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Japanese Prime Minister Shinzo Abe, left, poses for a photograph with U.S. President Donald Trump in Palm Beach, Florida, in February.   © Reuters
Trump's Asian Visit

Abe can work with Trump, despite the difficulties

Japan's prime minister can use 'America First' president's Asia visit to pursue Tokyo's aims

As Donald Trump kicks off his first trip to Asia as U.S. president with a visit to Japan on Nov. 5-7, the world will be watching closely for signs as to how his administration might develop its engagement with the region. For Japan, three key issues are likely to dominate the agenda: the long-term future of U.S. leadership in the region, North Korea and economic cooperation.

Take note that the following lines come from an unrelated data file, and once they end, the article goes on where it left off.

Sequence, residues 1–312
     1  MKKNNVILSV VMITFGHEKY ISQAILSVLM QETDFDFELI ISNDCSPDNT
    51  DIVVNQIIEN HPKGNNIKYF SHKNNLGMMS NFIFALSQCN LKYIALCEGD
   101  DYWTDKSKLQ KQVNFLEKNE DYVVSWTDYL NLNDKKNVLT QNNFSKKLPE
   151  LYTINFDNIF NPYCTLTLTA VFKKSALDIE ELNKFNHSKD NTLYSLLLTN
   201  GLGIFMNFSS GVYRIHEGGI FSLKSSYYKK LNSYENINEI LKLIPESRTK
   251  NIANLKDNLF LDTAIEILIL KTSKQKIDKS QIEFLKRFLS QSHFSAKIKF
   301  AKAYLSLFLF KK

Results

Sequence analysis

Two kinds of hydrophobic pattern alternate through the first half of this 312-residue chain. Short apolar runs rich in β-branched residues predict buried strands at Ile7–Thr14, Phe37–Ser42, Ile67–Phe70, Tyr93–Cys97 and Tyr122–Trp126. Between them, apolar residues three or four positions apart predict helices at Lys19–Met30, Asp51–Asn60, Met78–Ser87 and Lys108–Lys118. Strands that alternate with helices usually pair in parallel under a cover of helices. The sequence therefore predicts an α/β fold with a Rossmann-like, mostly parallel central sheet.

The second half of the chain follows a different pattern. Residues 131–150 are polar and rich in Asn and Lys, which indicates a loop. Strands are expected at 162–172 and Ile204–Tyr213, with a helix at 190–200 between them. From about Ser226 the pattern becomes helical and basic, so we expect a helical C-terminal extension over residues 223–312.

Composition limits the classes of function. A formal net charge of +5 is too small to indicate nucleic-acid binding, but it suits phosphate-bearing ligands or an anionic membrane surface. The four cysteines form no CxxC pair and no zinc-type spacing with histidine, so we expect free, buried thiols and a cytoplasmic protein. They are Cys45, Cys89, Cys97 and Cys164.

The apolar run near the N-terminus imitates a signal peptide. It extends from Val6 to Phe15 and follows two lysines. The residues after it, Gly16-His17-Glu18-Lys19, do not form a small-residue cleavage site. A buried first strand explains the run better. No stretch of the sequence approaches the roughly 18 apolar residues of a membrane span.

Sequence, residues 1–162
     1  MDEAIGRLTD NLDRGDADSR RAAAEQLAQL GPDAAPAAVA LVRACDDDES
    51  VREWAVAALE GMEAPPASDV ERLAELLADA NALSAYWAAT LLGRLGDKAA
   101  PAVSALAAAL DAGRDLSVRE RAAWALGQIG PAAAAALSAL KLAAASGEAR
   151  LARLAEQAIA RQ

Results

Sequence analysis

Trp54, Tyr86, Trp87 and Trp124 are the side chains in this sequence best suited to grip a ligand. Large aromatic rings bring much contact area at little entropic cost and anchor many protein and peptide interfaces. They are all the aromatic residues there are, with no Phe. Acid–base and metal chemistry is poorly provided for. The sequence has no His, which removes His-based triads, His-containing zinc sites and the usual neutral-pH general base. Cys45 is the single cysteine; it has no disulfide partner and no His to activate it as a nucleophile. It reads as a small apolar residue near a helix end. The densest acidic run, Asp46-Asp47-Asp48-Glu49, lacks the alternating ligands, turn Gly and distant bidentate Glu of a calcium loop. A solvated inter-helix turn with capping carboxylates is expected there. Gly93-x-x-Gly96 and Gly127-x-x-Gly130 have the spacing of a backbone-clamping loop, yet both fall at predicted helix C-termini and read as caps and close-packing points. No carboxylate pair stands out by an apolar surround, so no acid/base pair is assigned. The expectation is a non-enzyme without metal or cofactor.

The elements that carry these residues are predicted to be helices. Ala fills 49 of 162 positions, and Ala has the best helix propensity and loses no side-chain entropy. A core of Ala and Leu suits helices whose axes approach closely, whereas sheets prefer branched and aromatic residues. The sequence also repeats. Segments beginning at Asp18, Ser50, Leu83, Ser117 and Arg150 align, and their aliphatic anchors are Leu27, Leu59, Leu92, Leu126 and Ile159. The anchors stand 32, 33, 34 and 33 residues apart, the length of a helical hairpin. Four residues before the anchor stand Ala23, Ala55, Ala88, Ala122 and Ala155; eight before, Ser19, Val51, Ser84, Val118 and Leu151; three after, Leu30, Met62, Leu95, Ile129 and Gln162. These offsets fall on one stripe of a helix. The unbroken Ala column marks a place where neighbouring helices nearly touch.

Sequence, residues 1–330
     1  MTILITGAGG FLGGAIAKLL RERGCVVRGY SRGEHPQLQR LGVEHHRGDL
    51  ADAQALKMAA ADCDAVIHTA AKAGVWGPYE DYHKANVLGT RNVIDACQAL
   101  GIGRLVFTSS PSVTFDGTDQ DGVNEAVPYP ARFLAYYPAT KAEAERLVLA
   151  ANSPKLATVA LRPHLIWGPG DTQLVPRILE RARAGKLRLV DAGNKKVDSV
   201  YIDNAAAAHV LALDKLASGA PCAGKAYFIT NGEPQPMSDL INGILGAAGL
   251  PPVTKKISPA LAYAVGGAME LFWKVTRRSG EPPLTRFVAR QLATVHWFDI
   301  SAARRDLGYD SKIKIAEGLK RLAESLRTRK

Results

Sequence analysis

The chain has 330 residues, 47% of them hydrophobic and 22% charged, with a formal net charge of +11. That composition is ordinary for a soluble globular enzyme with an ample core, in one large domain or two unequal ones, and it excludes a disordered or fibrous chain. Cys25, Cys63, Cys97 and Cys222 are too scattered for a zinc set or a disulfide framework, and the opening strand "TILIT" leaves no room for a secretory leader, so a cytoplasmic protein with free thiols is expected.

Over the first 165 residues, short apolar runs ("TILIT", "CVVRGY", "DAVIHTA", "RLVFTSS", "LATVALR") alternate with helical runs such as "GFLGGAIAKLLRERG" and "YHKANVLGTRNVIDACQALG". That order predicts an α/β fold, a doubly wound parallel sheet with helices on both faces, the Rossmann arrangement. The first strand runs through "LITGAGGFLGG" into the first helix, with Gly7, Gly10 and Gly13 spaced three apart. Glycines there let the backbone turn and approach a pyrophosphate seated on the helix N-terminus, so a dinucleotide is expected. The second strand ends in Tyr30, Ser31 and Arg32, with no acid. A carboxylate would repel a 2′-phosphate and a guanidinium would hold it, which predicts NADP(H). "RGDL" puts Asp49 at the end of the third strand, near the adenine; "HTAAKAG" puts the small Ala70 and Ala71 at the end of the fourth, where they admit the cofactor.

The Japanese public is deeply ambivalent toward Trump. On the one hand, cooperative relations between the U.S. president and Japanese prime minister are highly valued. U.S. leadership in Asia since the end of the Second World War promoted the security and regional stability which underline Japan's prosperity. The U.S.-Japan alliance continues to be a critical public good for the security of the region.